Sunday, December 13, 2015

War Horse

The number of dead horses was high. They lay, like the men, in all attitudes. One beautiful milk white animal had died in so graceful a position that I wished for its photograph. Its legs were doubled under and its arched neck gracefully turned to one side, as if looking back to the ball-hole in its side. Until you got to it, it was hard to believe the horse was dead. This horse belonged to a Confederate Colonel at Antietam. Both horse and rider were killed.

  It is estimated that 1.5 million horses died during the Civil War. Some estimates are as high as 3 million when you count donkeys, mules and confiscated ponies of children. Horses were a primary target of the opposing armies. All three military arms could not function without horses. The infantry, cavalry and artillery. All three arms of the military depended on supply wagons pulled by horses. If you could kill enough horses the army was pretty much immobilized. You read accounts all the time of officers, especially cavalry officers, having horses shot out from under them during combat. Nathan Bedford Forrest holds the record for having the most horses killed. Forrest lost 31 horses but killed 30 men in personal combat. He always said that he was a horse ahead. At Fort Donelson a cannonball passed through the body of his horse, barely missing his leg. Once during a battle Forrest was riding one of his favorite horses named Highlander when it's carotid artery was cut by a bullet. Forrest plugged the hole with his finger until he was out of danger. After removing his finger the horse fell dead. At Stones River Colonel Peter Garasche, the adjutant to General William Rosecrans was decapitated by a cannon ball while riding near the Nashville and Chattanooga railroad near the present day National Cemetery. The same cannonball took off the legs of a soldier,  finally passing through the neck of a horse.
Maryes Heights Fredricksburg





  Like humans, most horses died of disease. Many were literally worked to death pulling heavy loads like artillery and wagons. When they could no longer function or were suffering from battle wounds a soldier would shoot them to put them out of their misery. In a famous drawing by a newspaper artist named Henry Lovie at Stones River a soldier can be seen shooting a horse. Soldiers would kill or disable the artillery horses of the enemy. Without horses artillerymen were unable to save their guns if their position was overrun. The guns would have to be spiked or they would be captured by the enemy. The following is an account of horses enduring fire at Gettysburg. One thing which forcibly occurred to me was the perfect quiet with which the horses stood in their places. Even when a shell, striking in the midst of a team, would knock over one or two of them or hurl one struggling in its death agonies to the ground, the rest would make no effort to struggle or escape but would stand stolidly by as if saying to themselves, "It is fate, it is useless to try to avoid it."After a battle, especially in warmer weather, the horrible stench of rotting human and horse flesh was almost unbearable. The people of Gettysburg dealt with this in the middle of July. There were 1,500 horses killed at Gettysburg. The people of Gettysburg carried bottles of peppermint oil and pennyroyal around with them to mask the stench.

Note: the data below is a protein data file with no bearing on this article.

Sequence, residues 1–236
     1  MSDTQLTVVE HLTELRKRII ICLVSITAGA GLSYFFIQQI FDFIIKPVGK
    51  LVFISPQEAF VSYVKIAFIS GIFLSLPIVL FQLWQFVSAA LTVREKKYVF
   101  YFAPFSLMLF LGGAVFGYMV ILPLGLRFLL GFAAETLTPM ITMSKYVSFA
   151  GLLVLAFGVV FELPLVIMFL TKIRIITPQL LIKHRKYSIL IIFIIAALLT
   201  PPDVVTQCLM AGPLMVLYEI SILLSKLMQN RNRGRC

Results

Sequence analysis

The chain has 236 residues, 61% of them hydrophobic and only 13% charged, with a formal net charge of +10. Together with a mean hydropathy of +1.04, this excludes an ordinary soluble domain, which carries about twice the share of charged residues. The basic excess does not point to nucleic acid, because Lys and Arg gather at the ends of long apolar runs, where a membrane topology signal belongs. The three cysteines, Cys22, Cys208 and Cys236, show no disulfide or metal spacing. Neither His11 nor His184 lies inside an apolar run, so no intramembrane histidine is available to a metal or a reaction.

Trostle Farm -Gettysburg

Gettysburg

  The following is an account of a wagon train destroyed by Confederate General Joseph Wheeler at Lavergne in his famous ride around the Union Army. Owing to the depredations committed upon our trains at Lavergne, and the known disloyalty of its population. Gen. ROSECRANS ordered the place destroyed, and but one house -- that an hospital -- marks the spot where stood this village. The indications of rebel outrages upon our trains are visible along the road from Lavergne to Murfreesboro. Two hundred wagons were burned near the former place by WHEELER, and the road is strewn with half-buried wheels, axles, tires and mules; many of the latter were burned while in harness. This ruffian, WHEELER, destroyed everything designed for our army; even hospital stores were not respected. Ambulances were destroyed, and the occupants pitched out upon the road. The following is an account of the battlefield at Stones River after the battle.  On one spot one hundred and fifty dead rebels were counted, lying in heaps, as they had been shot down by our artillery. The field is strewn with dead horses; on one spot the horses of an entire battery were killed. Horses were generally burned on huge funeral pyres to lesson the chance of disease and to cut down on the stench of decaying flesh. As late as World War II the horse was regularly used in combat. As mechanized as the German Army was they depended greatly on the horse right up to the end of the war. 

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